"These are not meant for hooking a Blu-ray player to it," Nanduri said. However, Intel is validating technology from companies like Broadcom that vendors can integrate into systems with the Atom processor to let users view full 1080p high-definition content.

Netbooks powered by Atom N450 will run Windows 7, Windows XP or the Linux operating systems, Nanduri said.

Netbook shipments totaled around 17 million in 2008, with the number expected to more than double by the end of this year, according to research firm DisplaySearch. Many netbook purchases were driven by the economic downturn late last year and earlier this year when consumers clamped down on spending.

"People thought this was a recession-oriented business, but we believe... this is a category here to stay," Nanduri said.

Nanduri acknowledged netbooks could be threatened by ultrathin laptops being offered at competitive price points. Ultrathin laptops are lightweight laptops that are as portable as netbooks, but provide performance to run most applications such as high-definition multimedia or casual gaming. Intel supplies chips under the Celeron, Pentium and Core brands for ultrathin laptops.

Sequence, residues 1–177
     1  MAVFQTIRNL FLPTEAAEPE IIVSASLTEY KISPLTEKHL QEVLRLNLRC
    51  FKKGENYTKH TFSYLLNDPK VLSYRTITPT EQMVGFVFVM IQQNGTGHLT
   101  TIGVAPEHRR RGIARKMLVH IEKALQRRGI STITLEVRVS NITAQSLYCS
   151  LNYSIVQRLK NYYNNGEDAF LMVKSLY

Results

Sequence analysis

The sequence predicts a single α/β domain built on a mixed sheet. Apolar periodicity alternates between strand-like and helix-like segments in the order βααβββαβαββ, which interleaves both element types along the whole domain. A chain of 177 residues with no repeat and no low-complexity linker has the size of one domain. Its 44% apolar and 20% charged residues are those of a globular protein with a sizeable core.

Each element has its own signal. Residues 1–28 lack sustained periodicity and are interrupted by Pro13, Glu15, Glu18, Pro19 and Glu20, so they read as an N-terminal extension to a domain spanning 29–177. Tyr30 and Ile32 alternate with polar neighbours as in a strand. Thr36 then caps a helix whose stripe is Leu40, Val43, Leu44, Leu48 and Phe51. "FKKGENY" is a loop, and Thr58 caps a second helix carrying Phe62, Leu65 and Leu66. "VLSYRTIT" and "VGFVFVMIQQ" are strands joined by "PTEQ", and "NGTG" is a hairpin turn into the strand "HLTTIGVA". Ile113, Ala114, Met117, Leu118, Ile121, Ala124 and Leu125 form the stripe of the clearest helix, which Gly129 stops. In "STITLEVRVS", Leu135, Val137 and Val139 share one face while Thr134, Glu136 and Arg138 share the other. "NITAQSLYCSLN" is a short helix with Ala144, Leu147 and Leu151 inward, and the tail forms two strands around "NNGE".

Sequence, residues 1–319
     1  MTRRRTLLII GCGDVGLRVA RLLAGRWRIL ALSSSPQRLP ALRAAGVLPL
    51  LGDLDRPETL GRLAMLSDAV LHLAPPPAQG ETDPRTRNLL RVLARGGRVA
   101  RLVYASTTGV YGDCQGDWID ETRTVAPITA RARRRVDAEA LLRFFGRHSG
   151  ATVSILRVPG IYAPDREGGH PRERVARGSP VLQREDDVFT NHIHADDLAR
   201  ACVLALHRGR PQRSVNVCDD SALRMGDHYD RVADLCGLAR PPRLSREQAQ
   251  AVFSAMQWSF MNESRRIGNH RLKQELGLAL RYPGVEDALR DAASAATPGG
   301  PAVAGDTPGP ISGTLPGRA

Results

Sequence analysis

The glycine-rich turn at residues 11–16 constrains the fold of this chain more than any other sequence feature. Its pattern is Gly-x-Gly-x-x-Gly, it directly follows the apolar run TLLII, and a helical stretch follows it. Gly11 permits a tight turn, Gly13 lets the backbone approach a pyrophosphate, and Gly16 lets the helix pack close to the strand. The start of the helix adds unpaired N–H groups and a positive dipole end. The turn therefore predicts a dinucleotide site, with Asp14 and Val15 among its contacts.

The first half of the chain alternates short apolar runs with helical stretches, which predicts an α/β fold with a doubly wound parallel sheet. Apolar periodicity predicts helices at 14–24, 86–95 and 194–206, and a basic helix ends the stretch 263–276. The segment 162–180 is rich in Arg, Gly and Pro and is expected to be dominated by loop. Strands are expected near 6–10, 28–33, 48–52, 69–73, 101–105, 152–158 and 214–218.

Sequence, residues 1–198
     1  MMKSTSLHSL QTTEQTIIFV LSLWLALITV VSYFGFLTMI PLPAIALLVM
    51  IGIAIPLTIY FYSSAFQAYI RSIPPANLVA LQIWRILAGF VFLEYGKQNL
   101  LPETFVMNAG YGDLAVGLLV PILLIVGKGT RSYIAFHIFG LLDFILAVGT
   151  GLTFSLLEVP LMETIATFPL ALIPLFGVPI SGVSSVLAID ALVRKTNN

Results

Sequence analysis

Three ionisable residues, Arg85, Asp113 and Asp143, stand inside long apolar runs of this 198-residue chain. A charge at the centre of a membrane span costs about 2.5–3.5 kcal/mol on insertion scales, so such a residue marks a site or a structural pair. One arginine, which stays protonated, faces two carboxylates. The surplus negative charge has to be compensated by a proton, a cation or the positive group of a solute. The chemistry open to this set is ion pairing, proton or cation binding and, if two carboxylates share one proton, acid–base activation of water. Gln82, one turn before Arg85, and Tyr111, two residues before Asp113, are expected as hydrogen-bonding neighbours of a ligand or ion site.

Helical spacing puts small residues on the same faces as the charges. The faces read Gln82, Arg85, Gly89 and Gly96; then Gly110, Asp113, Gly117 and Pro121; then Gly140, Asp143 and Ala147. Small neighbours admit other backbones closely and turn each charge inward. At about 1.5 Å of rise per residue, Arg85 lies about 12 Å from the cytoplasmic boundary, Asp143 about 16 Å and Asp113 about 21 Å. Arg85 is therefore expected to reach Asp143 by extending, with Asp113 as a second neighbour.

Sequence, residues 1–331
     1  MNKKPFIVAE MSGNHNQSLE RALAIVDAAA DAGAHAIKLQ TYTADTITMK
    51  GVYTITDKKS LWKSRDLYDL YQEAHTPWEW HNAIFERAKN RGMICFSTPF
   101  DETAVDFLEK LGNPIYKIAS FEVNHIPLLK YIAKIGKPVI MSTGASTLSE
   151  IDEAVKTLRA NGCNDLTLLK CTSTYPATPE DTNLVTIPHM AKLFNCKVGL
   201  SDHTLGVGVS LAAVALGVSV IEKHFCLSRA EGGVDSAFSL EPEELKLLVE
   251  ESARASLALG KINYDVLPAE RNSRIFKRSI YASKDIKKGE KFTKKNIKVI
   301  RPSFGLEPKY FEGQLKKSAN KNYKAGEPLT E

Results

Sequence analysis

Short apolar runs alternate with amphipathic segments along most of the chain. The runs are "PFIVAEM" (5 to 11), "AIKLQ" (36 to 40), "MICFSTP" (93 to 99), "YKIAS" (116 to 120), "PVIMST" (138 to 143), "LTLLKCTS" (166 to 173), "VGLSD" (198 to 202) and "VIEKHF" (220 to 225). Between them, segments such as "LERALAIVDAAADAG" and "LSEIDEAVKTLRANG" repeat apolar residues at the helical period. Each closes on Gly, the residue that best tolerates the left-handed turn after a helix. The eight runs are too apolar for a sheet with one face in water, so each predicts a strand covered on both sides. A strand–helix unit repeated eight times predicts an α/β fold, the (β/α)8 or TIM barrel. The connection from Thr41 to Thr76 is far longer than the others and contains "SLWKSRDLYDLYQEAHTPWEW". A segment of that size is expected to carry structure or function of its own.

Intel also launched two Atom processors for low-cost, small form factor desktops. The single-core Atom D410 and dual-core D510 operate at clock speeds of 1.66GHz and include 512KB and 1MB of cache respectively. The D410 draws around 10 watts of power, while the D510 draws 13 watts. Intel has about 50 design wins for entry-level desktops, Nanduri said.

ALSO READ

Get your Snapchat fix with Facebook's new silly photos

Pretty soon you'll start thinking that Snapchat has somehow invaded your Facebook feed. But don't worry, it's just that photos posted to Facebook are now getting quirkier.

Report: Apple Music launches Tuesday at 8am Pacific

As Apple Music's first day approaches, we're learning a bit more about the details of the launch, and of the service itself.

Apple Music wins over indie labels with royalty payment promises